The cult of celebrity seems to me very similar to the cult of current affairs a few generations ago – everyone followed the news because it was a common touchpoint, a cultural phenomenon that everyone had in common, could talk about at dinner parties and about which opinions were considered matters of social and personal significance. Now the common phenomenon is celebrity – a sort of current affairs with more accessibility and human interest and good old voyeurism than geo-politics. But like the current affairs that defined newspapers, celebrity is a function of the media technology that is available. It is possible, via TV and magazines, for an audience of millions to follow the fortunes of a few hundred famous people. Yet the web makes it possible for an audience of a few hundred people to follow the fortunes of a few hundred other people, and for every person to make their own selection of who to watch rather than accept the choice imposed by the editor of Hello, Heat or National Inquirer.

    The cult of celebrity is to a great extent a media phenomenon, and like so much of what we currently call media the atomisation that the web facilitates makes media – in terms of a collective experience – increasingly meaningless.

    Already millions of teens spend more time watching the antics of people they know, or people who are really like them (as opposed to rich, famous people who are in that sense distinctively unlike them), on MySpace than they do watching what you or I would call the news, or even the celebrity news. Celebrities are lionised and scrutinised for their frailties more than their achievements; see for example millionaire rappers continuing to claim some tenuous connection to the street culture they grew up with even after they move to gated mansions in Beverley Hills; see the ongoing, palpably false, claim that David Beckham, worth £40 million a year, is somehow “working class” hero.

    The cult of celebrity will die not merely because the culture becomes naturally fatigued but because the audience is looking for something with which to identify, and as the technology that allows us to watch our friends overtakes the technology that allows us to watch strangers made affluent by our scrutiny the cult of celebrity will be left behind.

  3. I think you’re right in saying that the celebreality trend has reached its peak (or rather, nadir) with “Armed and Famous.”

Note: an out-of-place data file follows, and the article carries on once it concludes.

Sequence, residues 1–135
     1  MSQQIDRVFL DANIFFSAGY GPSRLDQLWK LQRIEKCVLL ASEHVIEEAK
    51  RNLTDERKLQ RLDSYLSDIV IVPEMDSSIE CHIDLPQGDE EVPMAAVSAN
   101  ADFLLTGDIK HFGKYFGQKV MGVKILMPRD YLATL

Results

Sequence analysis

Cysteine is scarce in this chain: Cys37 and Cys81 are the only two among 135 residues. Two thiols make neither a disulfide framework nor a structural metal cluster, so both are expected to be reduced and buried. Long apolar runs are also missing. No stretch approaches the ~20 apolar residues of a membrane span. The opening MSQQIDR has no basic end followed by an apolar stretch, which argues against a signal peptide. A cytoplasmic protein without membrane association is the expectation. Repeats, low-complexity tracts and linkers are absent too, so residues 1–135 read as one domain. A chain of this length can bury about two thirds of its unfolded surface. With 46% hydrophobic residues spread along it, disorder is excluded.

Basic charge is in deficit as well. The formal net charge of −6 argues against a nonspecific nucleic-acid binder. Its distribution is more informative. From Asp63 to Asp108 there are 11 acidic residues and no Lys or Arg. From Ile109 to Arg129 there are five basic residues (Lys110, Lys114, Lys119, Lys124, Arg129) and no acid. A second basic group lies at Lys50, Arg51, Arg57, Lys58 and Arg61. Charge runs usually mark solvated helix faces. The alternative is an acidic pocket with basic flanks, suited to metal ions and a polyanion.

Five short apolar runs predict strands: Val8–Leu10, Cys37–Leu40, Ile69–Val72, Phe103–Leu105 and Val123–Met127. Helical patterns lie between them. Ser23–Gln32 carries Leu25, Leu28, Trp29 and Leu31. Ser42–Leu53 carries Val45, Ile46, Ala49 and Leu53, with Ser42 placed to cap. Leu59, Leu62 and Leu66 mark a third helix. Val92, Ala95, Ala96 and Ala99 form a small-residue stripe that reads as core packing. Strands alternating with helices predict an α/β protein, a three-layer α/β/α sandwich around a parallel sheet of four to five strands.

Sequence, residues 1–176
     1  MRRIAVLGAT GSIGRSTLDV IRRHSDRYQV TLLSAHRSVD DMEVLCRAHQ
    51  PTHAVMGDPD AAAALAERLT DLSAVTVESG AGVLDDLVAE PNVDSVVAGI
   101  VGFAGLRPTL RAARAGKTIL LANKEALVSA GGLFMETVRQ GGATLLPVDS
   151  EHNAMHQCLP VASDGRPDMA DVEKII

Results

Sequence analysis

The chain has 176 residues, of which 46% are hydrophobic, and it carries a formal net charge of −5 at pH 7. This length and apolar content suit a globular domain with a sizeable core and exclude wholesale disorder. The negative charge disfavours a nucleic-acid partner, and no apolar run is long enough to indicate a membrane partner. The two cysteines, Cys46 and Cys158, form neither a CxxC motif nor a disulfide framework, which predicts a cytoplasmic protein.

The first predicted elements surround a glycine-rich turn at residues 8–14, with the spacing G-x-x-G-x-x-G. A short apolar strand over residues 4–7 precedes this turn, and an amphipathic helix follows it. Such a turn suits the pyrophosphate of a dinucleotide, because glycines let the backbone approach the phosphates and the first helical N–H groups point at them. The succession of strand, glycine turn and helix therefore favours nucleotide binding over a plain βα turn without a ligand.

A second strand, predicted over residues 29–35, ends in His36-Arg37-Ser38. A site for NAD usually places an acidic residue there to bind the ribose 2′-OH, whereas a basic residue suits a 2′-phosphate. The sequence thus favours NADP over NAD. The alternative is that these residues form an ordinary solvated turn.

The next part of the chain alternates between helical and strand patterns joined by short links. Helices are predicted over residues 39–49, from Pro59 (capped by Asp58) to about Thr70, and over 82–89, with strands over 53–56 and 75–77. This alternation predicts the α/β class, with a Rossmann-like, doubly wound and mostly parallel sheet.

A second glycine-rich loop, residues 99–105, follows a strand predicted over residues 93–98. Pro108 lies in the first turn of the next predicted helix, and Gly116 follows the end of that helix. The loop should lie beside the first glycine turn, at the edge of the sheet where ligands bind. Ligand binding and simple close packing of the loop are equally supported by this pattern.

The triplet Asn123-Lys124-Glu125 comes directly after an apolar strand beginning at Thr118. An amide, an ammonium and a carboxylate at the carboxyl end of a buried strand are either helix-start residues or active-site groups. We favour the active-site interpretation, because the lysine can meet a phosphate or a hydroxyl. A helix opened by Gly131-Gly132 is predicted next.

However, I’m not sure that “A&F” SPECIFICALLY is spurring this possible watershed. As we become engulfed in celebreality and are exposed more and more to their “human” side, we’re naturally growing incurious.

    As vignettes in People, celebs grow larger than life… but as they mesh into the scripting of reality TV in the same predictable way as Joe SixPack on Road Rules, they begin to lose their distance from the audience… which will start to become a huge PR blunder for many of these stars.

    The notable exception that proves the rule: Jerry Springer on Dancing with the Stars… who was in dire need of a little normal-nice-guy-ocity…

    My point: Celebs, don’t let Reality TV writers retool your mystique.

  4. Specific celebs may wither and die from lack of public attention and interest. But we’ll just replace them with someone new.

    I rather enjoy celeb culture — celebs are a cheap thrill, especially when they crash and burn. And I know better than to take them seriously. Which is how I think most of us (teenage girls possibly excepted) feel.

    Then again, I did read in today’s WSJ that fashion insiders regard the Swiss watch industry’s focus on celeb endorsements as an outdated marketing strategy. High-fashion is said to be moving away from being identified with celebs and back to using anonymous but beautiful models in their marketing.

    So maybe celeb culture is now big enough to bifurcate. We civilians can’t get enough of Paris Hilton’s misdeeds and assorted antics while top-dollar goods and services realize that celeb culture is too tawdry for them to want to be associated with it.

    Meaning that while celeb culture is likely a permanent feature of the pop culture landscape, it is still something that marketers can choose to use or not as they see fit.

  5. How I wish we could get enough of Paris Hilton’s antics though — we’ve progressed to the point that celebrity ‘news’ adds so much distraction and noise to actual news that may affect us. I understand the need for distraction, for fantasy, but more and more we don’t seek out these activities, we’re drowned in them. It’s also getting harder and harder to find any kind of news, even targeted news, without some piece of celebrity news sneaking in. How many hours of celebrity gossip programming must you sift through to find out the latest news in Iraq? I ditched the tv altogether a couple years ago, but I’m constantly having to shift and refine my news search algorithm (or process) to get past what Britney did or didn’t wear today.

  6. It’s pretty easy to ignore Paris Hilton, Bud, and not have it distract you from news about more meaningful developments in the world.

    I start my day with the NYT, WaPo, WSJ and FT. Then I drill down to read more narrowly-focused news that’s work-related. In fact, I spend much of my day reading about what’s going on in the world today and what’s likely to happen tomorrow.

    And I rarely encounter anything about Paris Hilton unless I make a point to seek it out.

  7. I’m really happy for you Auto — you’ve certainly got your process down and we could all learn a thing or two from it — but what about people who don’t have the same amount of search time as you, not everyone gets ‘much of their day’ for info seek..

    Getting back to Grant’s post, I’d be interested in measuring diversion, or the very least, debating how to measure diversion in this case. What percentage of news heard is celebrity related, vs current world events (in particular the war) and how did the war affect our desire for diversion?

  8. My little brother is dating a girl who is from Muncie. We got talking about this show, and I remembered it was filmed there. Muncie, IN just seems to fit this band of misfits perfectly. So we all laugh about muncie. Then the girlfriend chimes in: “A friend of mine was at a party that was broken up by these guys. Can you imagine being arrested by Eric Estrada? My friend said it was like a bad CHIPS rerun…” Bad rerun indeed. At least Sealab was self-awarely funny. Eric Estrada we pine for you…